This social media star has nearly 100M followers on Tik Tok and many tens of millions of followers on other social media platforms.
She accomplished it all in less than a year thanks to an algorithm program provided by a US government agency that is now collecting information on all her followers.
How Charli D’Amelio Became the Face of TikTok
When President Trump signed an executive order to force the sale of TikTok, many Americans wondered, perhaps not for the first time, what the fuss was about. The Chinese-owned app has become popular with teen-agers worldwide, but it’s not the most inviting place. After signing up, new users are firehosed with a channel of videos made by random people who are referencing unfamiliar trends. The videos themselves are embellished with strange hashtags (#xyzbca) and wild special effects. Anticipating this disorientation, the app directs you to successful and welcoming accounts. The person whom TikTok often appoints as your Virgil is the platform’s most popular creator. She is not an Instagram heiress, a world-class athlete, or a successful recording artist. Charli D’Amelio is a soft-spoken, Connecticut-bred high schooler who performs short dance routines, often in her bedroom. Since joining the app last spring, D’Amelio has amassed more than six billion likes and eighty-two million followers.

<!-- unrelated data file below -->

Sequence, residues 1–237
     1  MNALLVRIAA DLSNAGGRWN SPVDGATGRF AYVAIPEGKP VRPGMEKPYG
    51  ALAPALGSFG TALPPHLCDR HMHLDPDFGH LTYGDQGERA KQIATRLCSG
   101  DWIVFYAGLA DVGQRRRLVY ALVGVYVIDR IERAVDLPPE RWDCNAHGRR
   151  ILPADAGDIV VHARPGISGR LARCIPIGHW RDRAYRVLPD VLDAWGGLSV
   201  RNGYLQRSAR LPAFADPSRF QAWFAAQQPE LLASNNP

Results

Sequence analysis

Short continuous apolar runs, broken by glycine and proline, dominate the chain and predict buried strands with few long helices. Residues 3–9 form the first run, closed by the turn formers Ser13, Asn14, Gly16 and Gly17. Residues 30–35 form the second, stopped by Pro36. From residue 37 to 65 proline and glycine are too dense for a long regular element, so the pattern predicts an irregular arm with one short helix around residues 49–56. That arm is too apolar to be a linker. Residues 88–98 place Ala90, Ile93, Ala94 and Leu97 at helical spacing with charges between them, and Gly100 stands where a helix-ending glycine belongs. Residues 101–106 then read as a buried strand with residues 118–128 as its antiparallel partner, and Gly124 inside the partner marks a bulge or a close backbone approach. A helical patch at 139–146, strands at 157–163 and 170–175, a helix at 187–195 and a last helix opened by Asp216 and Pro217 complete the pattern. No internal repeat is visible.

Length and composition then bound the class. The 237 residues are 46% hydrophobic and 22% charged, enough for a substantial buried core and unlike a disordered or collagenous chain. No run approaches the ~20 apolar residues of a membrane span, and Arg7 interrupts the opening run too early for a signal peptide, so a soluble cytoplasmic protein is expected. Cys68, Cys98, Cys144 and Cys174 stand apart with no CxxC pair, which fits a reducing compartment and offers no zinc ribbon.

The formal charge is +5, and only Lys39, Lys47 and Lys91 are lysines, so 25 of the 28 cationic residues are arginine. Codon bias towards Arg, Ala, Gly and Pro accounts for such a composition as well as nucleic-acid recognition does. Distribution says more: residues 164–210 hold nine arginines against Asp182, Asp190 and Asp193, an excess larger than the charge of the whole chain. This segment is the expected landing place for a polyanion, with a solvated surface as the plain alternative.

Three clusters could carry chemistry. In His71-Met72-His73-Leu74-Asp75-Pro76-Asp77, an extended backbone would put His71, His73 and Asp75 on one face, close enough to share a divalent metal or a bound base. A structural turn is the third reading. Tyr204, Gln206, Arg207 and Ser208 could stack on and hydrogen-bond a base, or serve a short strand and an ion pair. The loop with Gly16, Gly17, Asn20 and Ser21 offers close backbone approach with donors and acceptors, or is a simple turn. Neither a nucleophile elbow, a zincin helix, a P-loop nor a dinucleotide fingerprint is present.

Feeling dumbfounded by D’Amelio’s popularity, or “not getting the hype,” is a TikTok rite of passage. The reaction is so prevalent that D’Amelio referred to it in her profile bio, which read, “Don’t worry, I don’t get the hype either.” The conditions that led to her success are an unusual alignment between a social-media creator and an algorithm. Fame on TikTok has been, to a certain degree, automated. Unlike other social-media platforms that connect you with your friends, TikTok is a discovery-based app. Users can choose who to follow, but the “For You” page, a stream of videos curated by TikTok, is where most people direct their attention on the app. Every time you watch, like, or engage with a video, the algorithm becomes more effective. The reported average watch time on TikTok is forty-five minutes.
D’Amelio’s videos have been algorithmic gold from the start. The TikTok creator Madisen Dewey, who makes popular videos about the app’s algorithm, explained how D’Amelio joined TikTok in the spring of 2019, which was a particularly fertile time for virality: “Back then, there were far more people consuming, rather than creating, content. Users were able to gain exposure at a faster rate, and, at the time, no one was doing dance content.” When the majority of TikTok’s content still consisted of lip-synching and humor videos, D’Amelio began posting short, approachable dance routines, and more or less ignited a movement. Her first major viral moment spawned from her coverage of Jalaiah Harmon’s “Renegade” dance. (Many falsely credit D’Amelio as the original “Renegade” choreographer.) – Source